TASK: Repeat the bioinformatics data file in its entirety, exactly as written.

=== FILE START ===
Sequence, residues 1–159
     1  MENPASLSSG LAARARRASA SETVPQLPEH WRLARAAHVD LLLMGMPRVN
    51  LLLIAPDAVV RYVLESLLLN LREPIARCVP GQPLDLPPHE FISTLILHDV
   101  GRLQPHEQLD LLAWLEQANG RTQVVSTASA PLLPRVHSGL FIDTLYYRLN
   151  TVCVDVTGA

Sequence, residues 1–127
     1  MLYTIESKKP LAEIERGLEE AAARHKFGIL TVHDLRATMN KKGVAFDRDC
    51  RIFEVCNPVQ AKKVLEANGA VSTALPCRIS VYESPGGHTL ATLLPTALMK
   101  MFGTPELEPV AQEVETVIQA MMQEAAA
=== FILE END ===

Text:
Sequence, residues 1–159
     1  MENPASLSSG LAARARRASA SETVPQLPEH WRLARAAHVD LLLMGMPRVN
    51  LLLIAPDAVV RYVLESLLLN LREPIARCVP GQPLDLPPHE FISTLILHDV
   101  GRLQPHEQLD LLAWLEQANG RTQVVSTASA PLLPRVHSGL FIDTLYYRLN
   151  TVCVDVTGA

Sequence, residues 1–127
     1  MLYTIESKKP LAEIERGLEE AAARHKFGIL TVHDLRATMN KKGVAFDRDC
    51  RIFEVCNPVQ AKKVLEANGA VSTALPCRIS VYESPGGHTL ATLLPTALMK
   101  MFGTPELEPV AQEVETVIQA MMQEAAA